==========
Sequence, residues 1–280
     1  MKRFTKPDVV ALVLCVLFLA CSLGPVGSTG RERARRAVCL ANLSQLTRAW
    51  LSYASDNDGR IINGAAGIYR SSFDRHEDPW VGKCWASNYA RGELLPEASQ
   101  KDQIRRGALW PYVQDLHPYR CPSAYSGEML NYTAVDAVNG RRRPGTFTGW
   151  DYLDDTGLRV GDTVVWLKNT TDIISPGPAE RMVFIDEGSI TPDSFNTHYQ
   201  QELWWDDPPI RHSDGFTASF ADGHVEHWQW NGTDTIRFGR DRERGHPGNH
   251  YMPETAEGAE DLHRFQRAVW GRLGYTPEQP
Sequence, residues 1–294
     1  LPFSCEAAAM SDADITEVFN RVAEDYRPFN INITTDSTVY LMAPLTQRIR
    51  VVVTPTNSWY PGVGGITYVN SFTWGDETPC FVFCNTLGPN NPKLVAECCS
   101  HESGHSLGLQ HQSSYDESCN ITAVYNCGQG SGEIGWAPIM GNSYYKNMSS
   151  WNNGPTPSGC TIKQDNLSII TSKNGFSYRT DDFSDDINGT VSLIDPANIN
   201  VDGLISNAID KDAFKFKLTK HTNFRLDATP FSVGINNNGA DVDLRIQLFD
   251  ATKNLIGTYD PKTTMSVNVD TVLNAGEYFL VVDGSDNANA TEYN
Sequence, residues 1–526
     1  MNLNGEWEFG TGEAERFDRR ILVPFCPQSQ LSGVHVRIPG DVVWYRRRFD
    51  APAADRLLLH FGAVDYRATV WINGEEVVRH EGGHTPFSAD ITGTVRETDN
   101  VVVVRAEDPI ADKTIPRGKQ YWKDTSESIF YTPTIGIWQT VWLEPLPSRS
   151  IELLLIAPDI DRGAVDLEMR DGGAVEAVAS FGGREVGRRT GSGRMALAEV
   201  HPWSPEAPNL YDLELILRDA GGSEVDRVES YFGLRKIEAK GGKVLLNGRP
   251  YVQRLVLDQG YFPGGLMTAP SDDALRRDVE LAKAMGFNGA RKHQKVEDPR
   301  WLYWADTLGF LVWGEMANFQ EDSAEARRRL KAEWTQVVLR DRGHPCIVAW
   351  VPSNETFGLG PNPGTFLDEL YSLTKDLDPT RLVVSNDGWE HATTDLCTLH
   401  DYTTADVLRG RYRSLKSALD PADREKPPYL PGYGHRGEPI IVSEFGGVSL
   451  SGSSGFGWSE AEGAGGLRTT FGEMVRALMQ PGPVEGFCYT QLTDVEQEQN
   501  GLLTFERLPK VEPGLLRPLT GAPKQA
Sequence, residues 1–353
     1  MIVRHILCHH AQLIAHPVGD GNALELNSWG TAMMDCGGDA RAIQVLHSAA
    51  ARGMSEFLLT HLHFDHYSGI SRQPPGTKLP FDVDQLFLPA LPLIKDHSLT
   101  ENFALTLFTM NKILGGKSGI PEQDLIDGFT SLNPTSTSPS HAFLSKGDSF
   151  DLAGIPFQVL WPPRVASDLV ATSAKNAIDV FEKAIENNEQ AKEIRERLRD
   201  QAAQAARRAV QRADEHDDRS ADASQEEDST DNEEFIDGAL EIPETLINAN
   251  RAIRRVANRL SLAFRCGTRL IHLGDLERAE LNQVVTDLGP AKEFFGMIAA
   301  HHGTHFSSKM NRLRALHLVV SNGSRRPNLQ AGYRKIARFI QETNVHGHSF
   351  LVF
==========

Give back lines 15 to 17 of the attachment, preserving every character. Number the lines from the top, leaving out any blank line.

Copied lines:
Sequence, residues 1–526
     1  MNLNGEWEFG TGEAERFDRR ILVPFCPQSQ LSGVHVRIPG DVVWYRRRFD
    51  APAADRLLLH FGAVDYRATV WINGEEVVRH EGGHTPFSAD ITGTVRETDN